Philippians 4:8-9 Finally, brothers, whatever is true, whatever is honorable, whatever is just, whatever is pure, whatever is lovely, whatever is commendable, if there is any excellence, if there is anything worthy of praise, think about these things. What you have learned and received and heard and seen in me—practice these things, and the God of peace will be with you.
Patti LaBelle singing my tone! Sorry, this archery parent was an 80’s teen.
See you in Vegas!
The word dream often relates to things that are far away or occurring during sleeping hours. However, often the word dream is used when a success occurs that other would love to obtain. These type of dreams come with sacrifices and painstaking steps to achieve. Dreams are often self-centered filled with achievement or wealth. It has been said to this archery parent and the archer that we are living a dream in the archery world that others would love to obtain.
This parent has different dreams than that often expressed by others impressions. Parents are often deeply involved in helping dreams come true. Involvement does not equate to having the same dreams. It is easy to become wrapped up in the dreams of your children. Parents want our children to find a passion, a place they belong and ultimately happiness and success. This parent believes that it is about the journey not the final destination of the “dream”.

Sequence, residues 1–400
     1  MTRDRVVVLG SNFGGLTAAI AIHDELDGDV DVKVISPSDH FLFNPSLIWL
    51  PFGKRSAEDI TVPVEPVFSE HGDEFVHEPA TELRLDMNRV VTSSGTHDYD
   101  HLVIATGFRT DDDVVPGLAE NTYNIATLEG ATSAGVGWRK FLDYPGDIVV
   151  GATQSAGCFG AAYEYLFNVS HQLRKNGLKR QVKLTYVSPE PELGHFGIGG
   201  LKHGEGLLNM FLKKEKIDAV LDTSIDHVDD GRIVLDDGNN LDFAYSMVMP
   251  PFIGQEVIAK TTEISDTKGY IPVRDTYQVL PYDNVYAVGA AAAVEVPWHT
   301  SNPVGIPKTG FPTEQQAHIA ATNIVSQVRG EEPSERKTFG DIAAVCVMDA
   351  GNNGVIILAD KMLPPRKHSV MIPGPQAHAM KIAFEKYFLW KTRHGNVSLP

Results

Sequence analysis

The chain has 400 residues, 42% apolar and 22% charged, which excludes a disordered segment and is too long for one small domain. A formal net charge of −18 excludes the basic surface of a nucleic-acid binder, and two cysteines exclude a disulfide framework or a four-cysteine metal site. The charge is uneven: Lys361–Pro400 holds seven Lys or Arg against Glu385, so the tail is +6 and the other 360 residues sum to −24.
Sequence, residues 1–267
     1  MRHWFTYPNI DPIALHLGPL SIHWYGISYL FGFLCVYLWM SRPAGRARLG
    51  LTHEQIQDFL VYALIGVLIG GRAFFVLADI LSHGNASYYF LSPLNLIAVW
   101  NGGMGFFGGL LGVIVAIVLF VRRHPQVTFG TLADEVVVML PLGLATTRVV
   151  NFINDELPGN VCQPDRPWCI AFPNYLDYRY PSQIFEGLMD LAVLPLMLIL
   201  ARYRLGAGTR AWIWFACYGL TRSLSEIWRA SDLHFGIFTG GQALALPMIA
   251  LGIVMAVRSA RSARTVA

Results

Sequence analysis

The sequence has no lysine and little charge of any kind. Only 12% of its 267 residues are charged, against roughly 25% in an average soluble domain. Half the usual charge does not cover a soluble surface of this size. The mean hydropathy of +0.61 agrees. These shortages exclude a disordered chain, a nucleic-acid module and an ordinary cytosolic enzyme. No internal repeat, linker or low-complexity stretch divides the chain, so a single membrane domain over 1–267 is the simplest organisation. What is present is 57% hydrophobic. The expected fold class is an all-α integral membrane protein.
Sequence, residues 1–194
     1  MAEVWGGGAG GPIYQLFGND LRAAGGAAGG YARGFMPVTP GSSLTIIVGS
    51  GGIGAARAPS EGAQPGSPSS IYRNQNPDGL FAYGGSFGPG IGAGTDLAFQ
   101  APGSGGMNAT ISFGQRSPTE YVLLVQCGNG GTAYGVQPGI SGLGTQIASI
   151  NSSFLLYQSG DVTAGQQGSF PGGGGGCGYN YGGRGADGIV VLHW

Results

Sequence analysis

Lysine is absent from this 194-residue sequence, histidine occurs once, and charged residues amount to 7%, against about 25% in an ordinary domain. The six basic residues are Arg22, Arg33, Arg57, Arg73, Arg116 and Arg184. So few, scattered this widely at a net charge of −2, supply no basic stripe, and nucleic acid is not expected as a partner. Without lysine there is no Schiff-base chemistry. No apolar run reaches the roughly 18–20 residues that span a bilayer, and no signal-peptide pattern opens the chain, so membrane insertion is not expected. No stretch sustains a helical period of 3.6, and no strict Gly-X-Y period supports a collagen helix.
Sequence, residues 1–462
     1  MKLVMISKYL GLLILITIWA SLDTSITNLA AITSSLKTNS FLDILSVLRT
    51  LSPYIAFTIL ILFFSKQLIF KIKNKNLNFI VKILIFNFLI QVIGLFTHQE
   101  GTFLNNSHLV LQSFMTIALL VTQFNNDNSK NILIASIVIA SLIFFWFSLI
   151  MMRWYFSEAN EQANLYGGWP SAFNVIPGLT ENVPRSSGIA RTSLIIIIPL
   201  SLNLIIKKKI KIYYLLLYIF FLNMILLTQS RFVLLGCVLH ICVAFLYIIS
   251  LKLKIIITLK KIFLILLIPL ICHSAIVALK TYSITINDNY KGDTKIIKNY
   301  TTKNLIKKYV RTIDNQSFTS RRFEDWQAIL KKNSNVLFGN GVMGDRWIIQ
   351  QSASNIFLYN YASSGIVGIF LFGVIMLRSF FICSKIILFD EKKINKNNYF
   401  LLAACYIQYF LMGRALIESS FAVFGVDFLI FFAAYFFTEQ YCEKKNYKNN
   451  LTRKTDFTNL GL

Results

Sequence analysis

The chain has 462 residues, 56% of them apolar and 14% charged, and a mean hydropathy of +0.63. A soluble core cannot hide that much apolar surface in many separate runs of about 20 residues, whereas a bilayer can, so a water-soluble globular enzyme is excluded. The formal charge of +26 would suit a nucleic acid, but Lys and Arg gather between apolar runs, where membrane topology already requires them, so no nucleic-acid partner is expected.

Often, it is forgotten that parents actually have their own dreams that are not the same as our children. Climbing to the top of any dream requires tremendous sacrifice in every aspect of life. Time, money, friendships, family and soul have been drained by help the archer reach and stretch towards dreams. It requires a commitment that will easily warp your dreams. This archery parent ultimately has little regret about the journey. Archery saved the archer and this archery parent at a very difficult time in our lives. The sacrifice has been great, the rewards are far greater.
This parent has dreams of her own. Many dreams have been let go or put on hold as a parent. Spending the last 22 year as a parent to two amazing young men that are both working towards dreams, has pushed personal dreams aside. Adjusting to their lost dreams and shifting into new dreams along the way, has changed what this parent defines as successful and happy.
The dreams, the ultimate dreams, that this parent has for my young men, are helping them to be givers. A person that gives thanks for opportunities given by giving more. A person that brings light and joy to others. A man that stands up against wrong and evil. There is no better way to measure a person than being called a good person. A person that corrects mistakes. Offers forgiveness and asks for it when needed.